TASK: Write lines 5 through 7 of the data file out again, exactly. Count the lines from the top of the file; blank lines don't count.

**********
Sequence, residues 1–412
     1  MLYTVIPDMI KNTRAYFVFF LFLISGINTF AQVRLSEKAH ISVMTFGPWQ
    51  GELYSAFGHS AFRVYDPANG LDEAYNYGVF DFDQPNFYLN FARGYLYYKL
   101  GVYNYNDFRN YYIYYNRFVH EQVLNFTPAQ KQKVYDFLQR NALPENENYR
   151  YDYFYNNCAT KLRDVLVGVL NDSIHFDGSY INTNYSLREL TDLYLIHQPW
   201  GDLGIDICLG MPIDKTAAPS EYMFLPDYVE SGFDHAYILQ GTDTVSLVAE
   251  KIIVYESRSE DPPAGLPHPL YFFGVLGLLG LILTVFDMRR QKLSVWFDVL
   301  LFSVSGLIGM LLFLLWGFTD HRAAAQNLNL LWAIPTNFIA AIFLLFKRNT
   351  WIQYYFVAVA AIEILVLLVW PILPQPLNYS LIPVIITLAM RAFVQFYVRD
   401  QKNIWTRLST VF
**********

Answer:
   151  YDYFYNNCAT KLRDVLVGVL NDSIHFDGSY INTNYSLREL TDLYLIHQPW
   201  GDLGIDICLG MPIDKTAAPS EYMFLPDYVE SGFDHAYILQ GTDTVSLVAE
   251  KIIVYESRSE DPPAGLPHPL YFFGVLGLLG LILTVFDMRR QKLSVWFDVL